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Lifestyle , Small Business – October 16, 2017

Death by Amazon? Not in Hawaii

If national news reports are any indication, retailers should all hunker down for the impending Mall Armageddon. Myriad online headlines foretell the imminent doomsday: “The Great Retail Apocalypse of 2017,” “Malls Are Doomed,” and “The Retail Bubble Has Now Burst” are just a few. A Credit Suisse report in May predicted 20 to 25 percent of the country’s shopping malls will close within five years.

The research firm Cushman & Wakefield says mall visits declined a whopping 50 percent nationwide from 2010 to 2013, and major chains such as Sears, Macy’s and RadioShack have closed hundreds of stores, including in Hawaii. Amazon and other websites are cited as the main force pulling consumers away from brick-and-mortar stores.

But, as with so many things, Hawaii is different than the Mainland. Local retailers are more optimistic than those headlines suggest and, more important, they are taking innovative steps to ensure long-term sales growth rather than taking a last stand. Of course, a booming local economy and low unemployment mean plenty of tourists and local people have money to spend.

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Leigh Drewry, specialty leasing manager for the Queen Kaahumanu Center on Maui, explains that Hawaii embraced online shopping much earlier than Mainland consumers due to our geographic isolation. As a result, local malls have dealt with serious competition from online shopping for far longer than Mainland stores.

“Growing up in Hawaii, there’s stuff that you want that you simply can’t get, regardless if you had a retail store here. Online has become a way of life for us,” she says.

Both locals and visitors to Hawaii also understand that some things just can’t be experienced online. “You can walk into a space and just feel the energy there, feel the care and you get to actually interact with the people there,” says Kahana Kalama, founder of clothing brand Aloha Beach Club.

“The culture of the brand, the culture of the store, is something that you can just feel. That’s something that’s really hard to translate online.”

Kahana Kalama, Owner, Aloha Beach Club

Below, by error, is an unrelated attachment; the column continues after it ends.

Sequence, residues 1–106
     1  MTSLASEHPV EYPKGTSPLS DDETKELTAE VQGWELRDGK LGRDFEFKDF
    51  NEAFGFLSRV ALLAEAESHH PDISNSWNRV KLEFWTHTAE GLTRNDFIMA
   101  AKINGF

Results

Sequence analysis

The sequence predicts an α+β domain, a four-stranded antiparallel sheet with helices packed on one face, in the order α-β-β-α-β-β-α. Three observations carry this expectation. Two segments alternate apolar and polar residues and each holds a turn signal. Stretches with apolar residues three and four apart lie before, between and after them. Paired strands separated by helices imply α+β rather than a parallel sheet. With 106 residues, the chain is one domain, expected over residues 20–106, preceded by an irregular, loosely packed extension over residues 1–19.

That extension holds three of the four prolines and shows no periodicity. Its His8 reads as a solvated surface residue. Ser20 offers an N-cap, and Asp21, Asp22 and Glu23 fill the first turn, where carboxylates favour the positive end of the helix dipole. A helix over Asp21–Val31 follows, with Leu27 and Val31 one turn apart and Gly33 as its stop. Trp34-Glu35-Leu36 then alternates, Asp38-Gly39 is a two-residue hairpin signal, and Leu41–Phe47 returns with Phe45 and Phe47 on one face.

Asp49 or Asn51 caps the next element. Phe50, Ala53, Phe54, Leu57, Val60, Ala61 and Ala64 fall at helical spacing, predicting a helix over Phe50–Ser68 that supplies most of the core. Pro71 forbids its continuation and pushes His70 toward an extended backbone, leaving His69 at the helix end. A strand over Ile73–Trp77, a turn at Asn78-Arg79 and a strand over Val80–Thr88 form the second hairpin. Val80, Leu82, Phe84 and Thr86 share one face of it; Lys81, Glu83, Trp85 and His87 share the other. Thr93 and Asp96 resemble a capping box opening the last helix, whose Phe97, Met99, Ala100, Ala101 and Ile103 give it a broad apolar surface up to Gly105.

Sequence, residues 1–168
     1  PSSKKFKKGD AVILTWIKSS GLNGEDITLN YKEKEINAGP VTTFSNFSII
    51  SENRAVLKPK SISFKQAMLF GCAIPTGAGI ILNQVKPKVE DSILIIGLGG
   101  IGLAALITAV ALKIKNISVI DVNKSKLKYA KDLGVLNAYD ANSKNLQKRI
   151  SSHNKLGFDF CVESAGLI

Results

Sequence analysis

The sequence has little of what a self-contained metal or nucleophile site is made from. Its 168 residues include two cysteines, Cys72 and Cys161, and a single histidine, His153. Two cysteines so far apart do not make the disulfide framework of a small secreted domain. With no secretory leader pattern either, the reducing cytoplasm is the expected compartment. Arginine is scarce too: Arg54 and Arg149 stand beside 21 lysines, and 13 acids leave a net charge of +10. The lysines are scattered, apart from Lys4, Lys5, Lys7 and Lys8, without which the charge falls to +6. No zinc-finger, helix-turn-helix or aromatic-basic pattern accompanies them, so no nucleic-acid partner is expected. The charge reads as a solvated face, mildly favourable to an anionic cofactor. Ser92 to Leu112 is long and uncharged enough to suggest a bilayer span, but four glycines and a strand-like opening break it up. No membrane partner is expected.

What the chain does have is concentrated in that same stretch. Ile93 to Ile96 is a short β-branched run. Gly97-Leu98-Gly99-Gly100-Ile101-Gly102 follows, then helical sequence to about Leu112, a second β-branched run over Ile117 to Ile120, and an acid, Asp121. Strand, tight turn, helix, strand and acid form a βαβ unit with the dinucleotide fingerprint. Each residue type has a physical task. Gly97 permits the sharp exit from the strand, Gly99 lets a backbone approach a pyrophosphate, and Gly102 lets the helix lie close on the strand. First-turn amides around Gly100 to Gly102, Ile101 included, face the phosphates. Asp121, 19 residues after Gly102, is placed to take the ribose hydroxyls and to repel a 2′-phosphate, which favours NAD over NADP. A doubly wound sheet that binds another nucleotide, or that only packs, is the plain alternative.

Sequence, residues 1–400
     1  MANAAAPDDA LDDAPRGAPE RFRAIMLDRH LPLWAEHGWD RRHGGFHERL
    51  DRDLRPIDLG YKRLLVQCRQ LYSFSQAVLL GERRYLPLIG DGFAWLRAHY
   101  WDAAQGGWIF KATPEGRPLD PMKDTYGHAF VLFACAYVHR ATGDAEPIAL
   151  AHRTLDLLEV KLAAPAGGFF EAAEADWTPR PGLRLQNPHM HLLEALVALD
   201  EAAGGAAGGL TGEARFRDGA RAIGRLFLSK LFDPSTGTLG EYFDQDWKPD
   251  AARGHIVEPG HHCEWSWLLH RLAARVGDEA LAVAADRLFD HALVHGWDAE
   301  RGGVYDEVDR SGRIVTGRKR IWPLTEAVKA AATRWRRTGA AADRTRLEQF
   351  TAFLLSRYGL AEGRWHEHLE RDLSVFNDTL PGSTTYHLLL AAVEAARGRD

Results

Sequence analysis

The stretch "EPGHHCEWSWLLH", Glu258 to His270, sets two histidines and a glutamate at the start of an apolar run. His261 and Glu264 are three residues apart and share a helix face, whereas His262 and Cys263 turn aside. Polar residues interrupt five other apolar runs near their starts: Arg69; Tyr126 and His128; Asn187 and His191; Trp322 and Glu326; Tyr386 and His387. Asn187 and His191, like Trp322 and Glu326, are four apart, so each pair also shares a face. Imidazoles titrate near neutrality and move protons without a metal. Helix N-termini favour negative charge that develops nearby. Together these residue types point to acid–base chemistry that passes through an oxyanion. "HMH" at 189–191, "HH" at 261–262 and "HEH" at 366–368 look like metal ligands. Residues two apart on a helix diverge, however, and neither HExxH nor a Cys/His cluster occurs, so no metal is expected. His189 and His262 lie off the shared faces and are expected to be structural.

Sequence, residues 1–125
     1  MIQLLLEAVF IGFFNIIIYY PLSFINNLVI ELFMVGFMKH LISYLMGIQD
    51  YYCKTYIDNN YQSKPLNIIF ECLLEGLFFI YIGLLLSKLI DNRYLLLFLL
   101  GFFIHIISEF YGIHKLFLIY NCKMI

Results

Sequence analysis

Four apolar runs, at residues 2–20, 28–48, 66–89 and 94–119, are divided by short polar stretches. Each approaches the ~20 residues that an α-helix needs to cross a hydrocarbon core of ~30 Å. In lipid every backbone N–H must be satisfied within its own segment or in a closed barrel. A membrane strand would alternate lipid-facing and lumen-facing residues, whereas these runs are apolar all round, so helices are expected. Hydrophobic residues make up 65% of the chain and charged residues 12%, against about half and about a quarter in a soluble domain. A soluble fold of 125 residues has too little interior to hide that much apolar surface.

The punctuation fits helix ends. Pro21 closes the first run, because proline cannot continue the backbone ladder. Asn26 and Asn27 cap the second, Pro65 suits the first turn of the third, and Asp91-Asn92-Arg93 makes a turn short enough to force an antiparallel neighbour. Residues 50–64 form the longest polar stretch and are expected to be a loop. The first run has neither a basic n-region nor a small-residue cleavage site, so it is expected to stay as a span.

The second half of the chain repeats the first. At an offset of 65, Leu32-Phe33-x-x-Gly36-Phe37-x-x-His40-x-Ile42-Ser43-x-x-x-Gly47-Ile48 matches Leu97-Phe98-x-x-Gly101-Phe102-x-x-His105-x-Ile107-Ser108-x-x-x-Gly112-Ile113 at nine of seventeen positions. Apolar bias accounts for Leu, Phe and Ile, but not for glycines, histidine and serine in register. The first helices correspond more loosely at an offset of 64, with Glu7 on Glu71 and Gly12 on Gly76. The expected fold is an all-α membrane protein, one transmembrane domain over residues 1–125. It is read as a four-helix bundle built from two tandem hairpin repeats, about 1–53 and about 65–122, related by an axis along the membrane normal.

After opening his flagship store in San Diego, Kalama opened a Kailua store in 2014 and an Ala Moana pop-up this April. He says about 75 percent of his sales still come from the brick-and-mortar stores, and his significantly smaller Hawaii locations often outsell the San Diego store.

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“The culture of the brand, the culture of the store, is something that you can just feel. That’s something that’s really hard to translate online.”

Kalama’s Ala Moana location has been busy, and he’s considering another pop-up or a permanent location in Ala Moana.

“I was just surprised at how many people wanted to come into the store,” Kalama says. “I always thought online would grow much faster than the store, but people just like coming into the store.”

Manaola Yap also emphasizes a personalized customer experience, something that can only be accomplished in a physical store. Yap is a self-taught fashion designer who infuses Hawaiian elements and culture into his clothing.

“Big box stores, corporate stores … Those stores are the ones that are dying because their products are not necessarily tied to anything,” he says. “But for us, it’s not just a shirt. You’re buying a piece of artwork, and you’re buying a piece of culture and story. And that’s something that has more intrinsic value and outshines all of the market trends.”

Yap has strong support from Hawaiian cultural practitioners and local shoppers in Honolulu, but he also welcomes the opportunity to share his culture with visitors.

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Above, Nuu Sing-Kahalehau arranges merchandise at the Aloha Beach Club store in Kailua, which founder Kahana Kalama says outsells his much larger store in San Diego.

“With the Ala Moana location, our marketplace has changed with the tourism coming in, and because our whole mission is also to sustain culture and to educate, it’s wonderful to have that location because we do attract a lot of tourists and we get to share with them our contemporary expression of our art.”